Let me stop being vague: I was only 14.  The secret was that my father was dying.  (Or was he?) No one was telling me or him the truth but (animal instinct) I just knew. Still, not being told the truth was crazy-making. Later on, my husband was unfaithful. (Or was he?) Run gerbil run as denial fed my gerbil. 

Finally I crashed - -not shockingly on a specific date or time. There was no obvious fireball or smoldering wreckage. But smoke gradually filled my mind’s tiny cell- - the smoke and mirrors of those trying to hide the truth from me and often from themselves. My psyche’s gerbil, overwhelmed by years of secret-keeping, choked and finally just crawled off the wheel. With support from my friends and family, I managed to pry open my locked door.  Once outside in clear light and fresher air- - I recognized that secrets produce an often invisible but lasting trail of debris. Thus I understood why Sam’s dog secret-keeping caused anguish (perhaps for him) but definitely for me.

Then, too, Sam began spending even more time with those damn dogs. When he wasn’t with them, he got jumpy and edgy and he barked at me. We stopped traveling since “Spot” and the gang had him on a leash. If Sam went too far from home, he growled at me, heeled and then scurried back into the garage. When he visited the dogs, he was soothed.

 “What is it about those dogs that soothe you so?” I asked Sam.  He seemed pained and struggled to explain but dropped back. I struggled to pry open his locked door as others had for me with their love and understanding. Sam remained shut up.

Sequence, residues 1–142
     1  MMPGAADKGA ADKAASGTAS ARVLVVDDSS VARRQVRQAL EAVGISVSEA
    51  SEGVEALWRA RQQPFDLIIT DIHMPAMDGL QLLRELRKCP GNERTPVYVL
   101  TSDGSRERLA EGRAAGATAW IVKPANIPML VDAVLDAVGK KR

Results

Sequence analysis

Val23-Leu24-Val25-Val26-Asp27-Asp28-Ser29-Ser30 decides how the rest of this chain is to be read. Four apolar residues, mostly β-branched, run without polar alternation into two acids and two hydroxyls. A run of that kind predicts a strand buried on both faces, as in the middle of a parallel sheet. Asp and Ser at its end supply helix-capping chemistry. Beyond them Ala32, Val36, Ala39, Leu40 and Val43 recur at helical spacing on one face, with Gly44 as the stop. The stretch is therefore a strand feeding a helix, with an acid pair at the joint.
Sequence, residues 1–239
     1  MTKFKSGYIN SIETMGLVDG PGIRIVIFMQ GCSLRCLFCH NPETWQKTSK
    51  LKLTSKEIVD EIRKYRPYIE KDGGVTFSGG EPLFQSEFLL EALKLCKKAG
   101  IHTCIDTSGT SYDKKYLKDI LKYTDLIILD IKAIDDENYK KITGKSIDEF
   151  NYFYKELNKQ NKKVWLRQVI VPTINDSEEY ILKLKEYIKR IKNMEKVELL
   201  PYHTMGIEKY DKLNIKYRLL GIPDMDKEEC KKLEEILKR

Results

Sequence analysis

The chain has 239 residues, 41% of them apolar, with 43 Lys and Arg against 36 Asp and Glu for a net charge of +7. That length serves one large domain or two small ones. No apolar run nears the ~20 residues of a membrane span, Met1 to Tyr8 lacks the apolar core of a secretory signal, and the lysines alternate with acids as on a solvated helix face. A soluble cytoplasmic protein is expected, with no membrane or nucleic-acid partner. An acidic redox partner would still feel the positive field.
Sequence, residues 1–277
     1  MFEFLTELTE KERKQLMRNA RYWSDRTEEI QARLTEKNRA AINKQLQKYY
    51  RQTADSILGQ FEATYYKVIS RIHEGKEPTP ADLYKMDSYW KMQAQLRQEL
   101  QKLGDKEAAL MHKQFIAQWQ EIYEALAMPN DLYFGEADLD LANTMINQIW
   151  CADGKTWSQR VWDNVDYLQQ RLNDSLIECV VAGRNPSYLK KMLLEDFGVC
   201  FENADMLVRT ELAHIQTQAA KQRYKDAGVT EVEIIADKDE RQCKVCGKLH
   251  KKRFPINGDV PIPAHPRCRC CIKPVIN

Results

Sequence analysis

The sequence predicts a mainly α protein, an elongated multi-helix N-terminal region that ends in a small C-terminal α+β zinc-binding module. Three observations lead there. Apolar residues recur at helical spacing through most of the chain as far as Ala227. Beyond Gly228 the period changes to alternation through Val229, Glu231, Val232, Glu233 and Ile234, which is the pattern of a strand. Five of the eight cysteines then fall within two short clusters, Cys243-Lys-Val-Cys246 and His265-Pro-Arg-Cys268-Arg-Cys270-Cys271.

“Only we can release the demons that crawl in our own dark spaces,” I thought trying to understand but then I rationalized, “Well maybe he just likes dogs.”

But denial had been my interior décor for too long and by now I’d learned that living in a room of secrets causes damage. I had to be honest and ask myself, “How do I want to fill my space?”

Truthfully, I wasn’t sure.  I loved Sam deeply.  He was my best friend and never tried to rein me in. He’d made me feel # 1 until, outnumbered by the dogs, I felt shut out and could feel myself withdrawing. To keep my unease at bay and clarify what I wanted, I envisioned my ideal room:

MY IDEAL ROOM has many windows that welcome in bright light and fresh air. It is a calming, comfortable, nurturing and inspiring oasis where I can enjoy life and love with my partner as we learn, grow and thrive - - not just survive.

‘Notice that my vision definitely did NOT include secret canines. Above all, I knew that a lasting, authentic space could only be built on a solid foundation. Thus, I worried, “If things keep going like this with Sam, will I end up in a living room filled with smoke and mirrors, herding black dogs, forever picking up gnawed bones and retreating to an attic filled with whirling gerbils- - again?  

In the end, I (and you) always have a choice to circle and howl alone or walk out of any secret room to a healthier place.

Copyright Toby Israel 2015

Source: Toby Israel
Gerri Generous
Source: Gerri Generous